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COMMUNITY-ACQUIRED METHICILLIN-RESISTANT STAPHYLOCOCCUS AUREUS AND INTRAFAMILY SPREAD OF PUSTULAR DISEASE

Faden, Howard M.D.; Ferguson, Shawn M.D.

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The Pediatric Infectious Disease Journal: May 2001 - Volume 20 - Issue 5 - p 554-555
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To The Editors:

Recent publications suggest that community-acquired methicillin-resistant Staphylococcus aureus (MRSA) is becoming increasingly more common among adults and children. 1–3 We report an outbreak of pustular disease caused by MRSA among three children in a single family.

AA was a 13-year-old boy who developed a pustular rash on both lower legs, left forearm and scrotum. Empiric treatment with cephalexin failed after 10 days. Culture of a pustule yielded S. aureus susceptible to clindamycin, trimethoprim-sulfamethoxazole, tetracycline and ciprofloxacin and resistant to amoxicillin, amoxicillin/clavulanate, cephalothin, erythromycin and oxacillin. Ten days of clindamycin therapy improved the lesions. Two months later the lesions reappeared. At the same time his two sisters, ages 9 and 16 years, developed similar lesions on their extremities. Cultures of the pustules yielded MRSA. Each child was successfully treated with 10 to 20 days of oral trimethoprim-sulfamethoxazole therapy. In addition mupirocin ointment was applied to their nares twice a day for 5 days to eradicate potential nasal colonization. Although no specific cause for the household outbreak was identified, the bathtub was suspect. The tub was extensively cleaned with chlorax, and no further episodes of disease occurred.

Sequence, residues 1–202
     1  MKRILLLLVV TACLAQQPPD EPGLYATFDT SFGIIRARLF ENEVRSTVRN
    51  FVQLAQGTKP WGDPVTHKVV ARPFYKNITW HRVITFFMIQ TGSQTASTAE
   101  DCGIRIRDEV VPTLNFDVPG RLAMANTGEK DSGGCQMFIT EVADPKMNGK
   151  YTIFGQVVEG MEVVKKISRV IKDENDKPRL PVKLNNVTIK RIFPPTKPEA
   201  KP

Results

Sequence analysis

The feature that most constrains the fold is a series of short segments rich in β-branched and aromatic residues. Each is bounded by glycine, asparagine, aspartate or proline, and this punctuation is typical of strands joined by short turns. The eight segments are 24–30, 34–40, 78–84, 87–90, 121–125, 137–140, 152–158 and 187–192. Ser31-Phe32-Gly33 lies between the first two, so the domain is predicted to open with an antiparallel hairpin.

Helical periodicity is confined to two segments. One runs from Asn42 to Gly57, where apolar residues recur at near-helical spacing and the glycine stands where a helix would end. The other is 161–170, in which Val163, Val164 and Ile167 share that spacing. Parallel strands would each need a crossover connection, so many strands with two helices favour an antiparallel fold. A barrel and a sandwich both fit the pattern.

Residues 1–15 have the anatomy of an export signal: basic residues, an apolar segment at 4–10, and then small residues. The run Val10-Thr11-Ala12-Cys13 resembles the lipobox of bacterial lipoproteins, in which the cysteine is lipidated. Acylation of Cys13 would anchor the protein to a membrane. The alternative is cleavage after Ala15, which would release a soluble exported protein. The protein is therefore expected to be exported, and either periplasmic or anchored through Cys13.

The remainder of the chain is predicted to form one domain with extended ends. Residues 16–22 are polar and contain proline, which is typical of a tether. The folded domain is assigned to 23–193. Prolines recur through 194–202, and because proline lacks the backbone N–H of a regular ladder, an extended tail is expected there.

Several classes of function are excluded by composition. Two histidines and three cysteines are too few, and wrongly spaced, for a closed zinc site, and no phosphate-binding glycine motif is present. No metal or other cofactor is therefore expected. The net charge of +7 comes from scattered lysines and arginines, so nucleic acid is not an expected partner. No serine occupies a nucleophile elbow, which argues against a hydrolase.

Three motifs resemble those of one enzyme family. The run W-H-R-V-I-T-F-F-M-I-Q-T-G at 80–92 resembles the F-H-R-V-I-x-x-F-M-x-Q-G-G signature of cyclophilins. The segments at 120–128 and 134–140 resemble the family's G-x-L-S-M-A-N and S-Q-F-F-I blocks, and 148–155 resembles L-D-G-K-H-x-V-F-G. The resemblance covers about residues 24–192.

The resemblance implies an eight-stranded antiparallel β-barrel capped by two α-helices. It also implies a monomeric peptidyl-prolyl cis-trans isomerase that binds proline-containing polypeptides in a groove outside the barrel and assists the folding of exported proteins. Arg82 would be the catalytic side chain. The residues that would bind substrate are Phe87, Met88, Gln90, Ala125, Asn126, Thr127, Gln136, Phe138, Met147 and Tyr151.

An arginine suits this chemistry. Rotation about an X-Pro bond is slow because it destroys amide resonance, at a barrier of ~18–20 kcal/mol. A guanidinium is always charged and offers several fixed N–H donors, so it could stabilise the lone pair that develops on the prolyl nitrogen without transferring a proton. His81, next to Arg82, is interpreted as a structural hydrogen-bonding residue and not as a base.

This report emphasizes the increasing prevalence of community-acquired MRSA disease. It also demonstrates the value of antibiotic susceptibility testing and the effectiveness of an oral agent such as trimethoprim-sulfamethoxazole in infections due to MRSA.

Howard Faden, M.D.

Shawn Ferguson, M.D.

1. Gorak EJ, Yamada SM, Brown JD. Community-acquired methicillin-resistant Staphylococcus aureus in hospitalized adults and children without known risk factor. Clin Infect Dis 1999; 29: 797–800.
2. Suggs AH, Maranan MC, Boyle-Vavra S, Daum R. Methicillin-resistant and borderline methicillin-resistant asymptomatic Staphylococcus aureus colonization in children without identifiable risk factors. Pediatr Infect Dis J 1999; 18: 410–14.
3. Frank AL, Marcinak JF, Mangat D, Schreckenberger P. Increase in community-acquired methicillin-resistant Staphylococcus aureus in children. Clin Infect Dis 1999; 29: 935–6.
Keywords:

Methicillin-resistant ; Staphylococcus aureus

© 2001 Lippincott Williams & Wilkins, Inc.